Einar Einarson reflects on life of inspiring, uplifting others through teaching, performing music
It probably was inevitable that Einar Einarson would become a beloved music teacher and accomplished trumpet player. He was born into a family of musicians.
Growing up on a farm near Upham in north-central North Dakota, Einarson was surrounded by kinfolk who loved to make music for their own and others' enjoyment.
His career in music education and performance spanned more than four decades.
Former students say his influence on musicians and music education in this area and beyond is remarkable.
"The trumpet students who've had Einar (as a teacher) are all over the place," said Christie Aleshire, retired director of bands at Grand Forks Central High School.
Considering the years he taught at UND, she said, "There's 40 years' worth of people around the country that have had an impact on music because of Einar."
Steeped in music
It all started in Upham, where Einarson grew up the youngest in a family of five children.
"Music has always been important and significant in my family all my life, starting with my grandparents," he said. "The value for music has been in my family forever."
His siblings "all played piano or played instruments," including trombone, sax and clarinet, he said. "Everybody played in the band."
"We were always singing," he said. "And that goes on today yet at every family gathering, we always sing."
He and his siblings often provided entertainment at community gatherings, "sometimes before we were ready," he said with a laugh.
His early success with music sparked his interest in a career in music, he said.
"I could play by ear before I learned to play by note. If I heard a song, I'd go sit down at the piano and play it."
He started playing trumpet in sixth grade.
"It's the flashy, loud instrument," he said with a smile.
He earned a bachelor's degree in music education at Minot State College and then taught in north central North Dakota.
"Those two years at Souris were the best two years of my life, musically," he said. "I fell in love with 100 kids, and have been close to them ever since."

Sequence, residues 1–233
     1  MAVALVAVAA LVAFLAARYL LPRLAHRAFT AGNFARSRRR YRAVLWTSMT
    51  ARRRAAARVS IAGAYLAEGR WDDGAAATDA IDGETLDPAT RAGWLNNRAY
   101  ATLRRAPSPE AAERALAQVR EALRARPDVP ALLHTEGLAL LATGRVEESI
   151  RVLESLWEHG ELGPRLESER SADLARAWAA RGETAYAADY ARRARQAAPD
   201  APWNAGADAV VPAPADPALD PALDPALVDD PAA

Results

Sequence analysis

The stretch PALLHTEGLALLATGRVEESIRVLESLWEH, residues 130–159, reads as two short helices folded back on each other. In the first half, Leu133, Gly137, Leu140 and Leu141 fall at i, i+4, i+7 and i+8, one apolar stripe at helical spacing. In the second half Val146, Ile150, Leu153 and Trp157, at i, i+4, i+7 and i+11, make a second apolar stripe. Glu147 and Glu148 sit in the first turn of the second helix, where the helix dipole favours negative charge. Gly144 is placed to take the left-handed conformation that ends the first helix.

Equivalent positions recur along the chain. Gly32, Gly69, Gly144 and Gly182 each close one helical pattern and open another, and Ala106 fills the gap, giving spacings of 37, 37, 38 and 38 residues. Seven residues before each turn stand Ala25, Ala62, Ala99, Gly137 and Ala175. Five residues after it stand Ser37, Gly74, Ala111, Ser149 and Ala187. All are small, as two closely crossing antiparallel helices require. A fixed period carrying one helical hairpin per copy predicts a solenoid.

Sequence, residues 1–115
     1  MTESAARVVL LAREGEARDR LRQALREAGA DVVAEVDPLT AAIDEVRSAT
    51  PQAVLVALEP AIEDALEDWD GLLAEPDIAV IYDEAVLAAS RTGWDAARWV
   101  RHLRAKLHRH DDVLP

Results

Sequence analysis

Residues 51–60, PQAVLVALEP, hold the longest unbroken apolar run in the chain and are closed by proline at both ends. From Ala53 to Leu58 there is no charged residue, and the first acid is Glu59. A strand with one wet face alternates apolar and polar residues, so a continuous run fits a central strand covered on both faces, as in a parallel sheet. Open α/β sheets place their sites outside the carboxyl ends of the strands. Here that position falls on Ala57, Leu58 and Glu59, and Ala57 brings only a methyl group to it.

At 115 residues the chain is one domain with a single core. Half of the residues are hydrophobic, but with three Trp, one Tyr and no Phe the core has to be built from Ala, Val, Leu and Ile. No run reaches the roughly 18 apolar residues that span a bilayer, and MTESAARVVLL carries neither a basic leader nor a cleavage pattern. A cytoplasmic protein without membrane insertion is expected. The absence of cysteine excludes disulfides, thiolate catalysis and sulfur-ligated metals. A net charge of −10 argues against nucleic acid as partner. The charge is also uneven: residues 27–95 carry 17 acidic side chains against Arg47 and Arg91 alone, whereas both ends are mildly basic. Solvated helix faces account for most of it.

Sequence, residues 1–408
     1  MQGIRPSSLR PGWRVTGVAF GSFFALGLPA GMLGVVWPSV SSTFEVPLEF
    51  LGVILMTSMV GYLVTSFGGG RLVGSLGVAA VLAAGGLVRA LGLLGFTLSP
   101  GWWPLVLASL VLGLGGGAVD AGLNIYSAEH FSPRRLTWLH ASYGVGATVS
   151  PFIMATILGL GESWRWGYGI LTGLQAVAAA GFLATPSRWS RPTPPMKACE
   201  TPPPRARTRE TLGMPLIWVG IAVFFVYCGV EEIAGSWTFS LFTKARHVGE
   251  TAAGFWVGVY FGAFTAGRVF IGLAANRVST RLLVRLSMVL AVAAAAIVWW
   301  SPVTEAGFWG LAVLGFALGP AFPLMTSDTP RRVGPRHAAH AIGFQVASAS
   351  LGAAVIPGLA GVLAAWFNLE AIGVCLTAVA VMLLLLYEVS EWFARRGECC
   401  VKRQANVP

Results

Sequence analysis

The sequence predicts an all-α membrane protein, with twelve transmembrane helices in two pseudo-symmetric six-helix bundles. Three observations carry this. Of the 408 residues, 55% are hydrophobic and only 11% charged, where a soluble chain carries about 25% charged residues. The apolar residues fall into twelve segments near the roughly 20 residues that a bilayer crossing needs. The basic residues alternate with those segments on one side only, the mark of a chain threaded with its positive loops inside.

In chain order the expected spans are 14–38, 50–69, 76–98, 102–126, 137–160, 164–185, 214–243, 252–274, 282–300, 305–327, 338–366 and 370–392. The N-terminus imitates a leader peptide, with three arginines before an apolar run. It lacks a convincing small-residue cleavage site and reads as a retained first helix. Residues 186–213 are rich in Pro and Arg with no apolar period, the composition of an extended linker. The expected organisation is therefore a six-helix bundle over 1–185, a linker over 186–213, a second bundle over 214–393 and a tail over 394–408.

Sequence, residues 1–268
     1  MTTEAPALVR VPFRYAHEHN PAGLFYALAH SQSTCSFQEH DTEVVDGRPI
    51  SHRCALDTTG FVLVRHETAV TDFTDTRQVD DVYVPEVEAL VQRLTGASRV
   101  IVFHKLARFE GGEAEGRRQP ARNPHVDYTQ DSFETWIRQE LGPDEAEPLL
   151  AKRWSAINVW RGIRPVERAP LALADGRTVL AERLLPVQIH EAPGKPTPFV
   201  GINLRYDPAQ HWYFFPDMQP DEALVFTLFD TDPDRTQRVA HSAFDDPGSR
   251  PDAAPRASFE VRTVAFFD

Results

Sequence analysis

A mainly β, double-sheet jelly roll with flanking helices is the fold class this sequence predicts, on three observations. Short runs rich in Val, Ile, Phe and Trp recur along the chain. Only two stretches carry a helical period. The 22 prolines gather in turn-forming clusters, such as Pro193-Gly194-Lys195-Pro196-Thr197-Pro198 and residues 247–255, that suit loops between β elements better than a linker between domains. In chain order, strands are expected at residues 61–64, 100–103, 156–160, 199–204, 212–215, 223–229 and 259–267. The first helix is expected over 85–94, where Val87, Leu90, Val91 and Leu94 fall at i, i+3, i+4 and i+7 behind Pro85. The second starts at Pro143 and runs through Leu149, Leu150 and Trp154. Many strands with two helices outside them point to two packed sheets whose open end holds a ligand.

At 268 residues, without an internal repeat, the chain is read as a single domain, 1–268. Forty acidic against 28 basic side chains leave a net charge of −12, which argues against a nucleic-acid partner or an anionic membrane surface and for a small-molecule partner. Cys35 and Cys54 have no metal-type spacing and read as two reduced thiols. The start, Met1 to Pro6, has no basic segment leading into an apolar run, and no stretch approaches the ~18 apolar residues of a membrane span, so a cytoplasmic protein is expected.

He then pursued a master's degree in music education at UND where, in 1966, his second year of studies, a job opened that he landed.
He was a tenured member of the UND music faculty until retiring in 2006. Upon retirement, he was inducted into the North Dakota Music Teachers Association Hall of Fame, an honor he describes as "one of the biggest rewards" of his career.
'One of the greats'
"Einar is one of the 'greats' who taught music at UND," said Brad Sherwood, director of vocal music at Red River High School, who's known Einarson since the '70s.
Sherwood, who holds undergraduate and master's degrees from UND, said Einarson was a valuable mentor.
"He taught me, early on, that the most important aspect of being a teacher is the relationship between teacher and student," Sherwood said.
Einarson also became a mentor to Aleshire when she pursued her master's degree at UND 25 years ago, she said.
"He taught you things sometimes you don't learn in a book. ... You teach from the heart, teach with good musicianship—everything doesn't have to be technical.
"I'm so glad I had a chance to work with him and learn from him. He taught me a lot."
Einarson also taught for many years at the International Peace Garden Music Camp near Bottineau, N.D., which drew teachers and young musicians from around the country and abroad.
As a teacher, Einarson said "student success" gave him the most satisfaction.
"The art of teaching is the art of helping people become who they are, what they want to be—helping them get there and flourish."
The lifelong benefits students gain from studying and performing music have been confirmed by research, Einarson said.
"They're ahead in math and science, especially math. I can't explain that, but I think it has do with imagination, the development of the mind."
Einarson is known and admired as a performer, Aleshire said. "He still plays a mean trumpet. He has the sweetest trumpet sound that exists out there."
For many years, he played with Ernie Myerchin's "Starlighters Orchestra" at area supper clubs.
"We played all year 'round—60 or 70 jobs a year," he said.
It wasn't always a lark.
"I fought performance anxiety for a lot of years," he said. "I got over that eventually.
"How you get over performance anxiety is to play things that don't scare the hell out of you. Play things you have success with."
Einarson plays trumpet with Second Wind Band and for services at his church.
As a bugler, he's played "Taps" with the Honor Guard at funerals for more than 60 years.
"That's one that you can't miss a note on," he said, "so we practice."